Professor and activist Angela Davis, born in Birmingham, Alabama, is best known as a radical African American educator and activist for civil rights and other social issues. She knew about racial prejudice from her experiences with discrimination growing up in Alabama. As a teenager, Davis organized interracial study groups, which were broken up by the police. She also knew several of the young African American girls killed in the Birmingham church bombing of 1963.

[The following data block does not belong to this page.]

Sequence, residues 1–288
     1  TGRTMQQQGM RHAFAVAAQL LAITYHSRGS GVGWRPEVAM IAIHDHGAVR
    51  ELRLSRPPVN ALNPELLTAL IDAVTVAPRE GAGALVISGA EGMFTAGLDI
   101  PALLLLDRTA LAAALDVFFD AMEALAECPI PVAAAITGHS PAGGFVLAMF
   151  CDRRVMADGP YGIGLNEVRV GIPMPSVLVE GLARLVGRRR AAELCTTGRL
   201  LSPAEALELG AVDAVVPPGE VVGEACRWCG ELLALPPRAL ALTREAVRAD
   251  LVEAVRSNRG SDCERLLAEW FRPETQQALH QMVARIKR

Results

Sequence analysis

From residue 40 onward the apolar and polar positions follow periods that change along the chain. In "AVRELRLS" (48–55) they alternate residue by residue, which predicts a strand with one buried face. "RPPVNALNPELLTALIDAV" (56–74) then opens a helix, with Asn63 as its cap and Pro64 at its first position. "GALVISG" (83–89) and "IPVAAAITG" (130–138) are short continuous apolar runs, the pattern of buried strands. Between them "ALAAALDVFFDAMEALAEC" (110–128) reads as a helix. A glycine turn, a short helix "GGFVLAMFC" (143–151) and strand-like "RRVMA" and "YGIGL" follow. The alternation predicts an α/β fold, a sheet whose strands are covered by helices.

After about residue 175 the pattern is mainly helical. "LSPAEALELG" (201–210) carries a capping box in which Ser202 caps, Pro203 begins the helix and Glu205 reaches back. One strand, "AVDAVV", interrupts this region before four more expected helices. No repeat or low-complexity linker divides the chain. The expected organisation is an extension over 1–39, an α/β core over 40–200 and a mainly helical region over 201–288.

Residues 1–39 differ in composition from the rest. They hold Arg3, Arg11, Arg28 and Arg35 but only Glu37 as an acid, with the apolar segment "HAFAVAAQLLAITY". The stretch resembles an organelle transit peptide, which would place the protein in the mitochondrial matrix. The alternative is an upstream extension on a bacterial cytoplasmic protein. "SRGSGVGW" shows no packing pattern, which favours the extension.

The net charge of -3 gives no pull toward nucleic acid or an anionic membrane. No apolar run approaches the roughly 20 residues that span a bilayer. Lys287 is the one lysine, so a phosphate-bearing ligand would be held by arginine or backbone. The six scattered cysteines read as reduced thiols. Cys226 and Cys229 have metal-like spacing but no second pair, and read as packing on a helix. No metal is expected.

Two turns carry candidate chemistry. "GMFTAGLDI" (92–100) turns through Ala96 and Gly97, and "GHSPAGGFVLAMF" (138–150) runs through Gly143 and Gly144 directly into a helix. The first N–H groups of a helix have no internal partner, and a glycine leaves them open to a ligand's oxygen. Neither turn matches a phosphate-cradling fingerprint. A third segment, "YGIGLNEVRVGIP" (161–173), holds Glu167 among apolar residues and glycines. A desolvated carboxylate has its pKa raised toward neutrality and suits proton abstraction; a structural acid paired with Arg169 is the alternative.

Davis became known for her involvement in a politically charged murder case in the early 1970s. Influenced by her segregated upbringing in Birmingham, Alabama, Davis joined the Black Panthers and an all-black branch of the Communist Party as a young woman. She became a professor at UCLA, but fell out of favor with the administration due to her ties. Davis was charged with aiding the botched escape attempt of imprisoned black radical George Jackson, and served roughly 18 months in jail before her acquittal in 1972. After spending time traveling and lecturing, Davis returned to the classroom as a professor and authored several books. Today, she is a professor at the University of California, Santa Cruz, where she teaches courses on the history of consciousness. Davis is the author of several books, including Women, Race, and Class (1980) and Are Prisons Obsolete? (2003).